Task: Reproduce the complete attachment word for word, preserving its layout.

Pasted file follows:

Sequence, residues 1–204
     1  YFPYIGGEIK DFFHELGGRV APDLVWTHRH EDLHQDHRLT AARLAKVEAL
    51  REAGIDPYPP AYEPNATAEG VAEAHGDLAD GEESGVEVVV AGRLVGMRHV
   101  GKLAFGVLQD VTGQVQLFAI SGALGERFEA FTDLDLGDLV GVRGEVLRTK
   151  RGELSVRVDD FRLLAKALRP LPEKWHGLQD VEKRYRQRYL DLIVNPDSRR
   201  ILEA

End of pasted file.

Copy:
Sequence, residues 1–204
     1  YFPYIGGEIK DFFHELGGRV APDLVWTHRH EDLHQDHRLT AARLAKVEAL
    51  REAGIDPYPP AYEPNATAEG VAEAHGDLAD GEESGVEVVV AGRLVGMRHV
   101  GKLAFGVLQD VTGQVQLFAI SGALGERFEA FTDLDLGDLV GVRGEVLRTK
   151  RGELSVRVDD FRLLAKALRP LPEKWHGLQD VEKRYRQRYL DLIVNPDSRR
   201  ILEA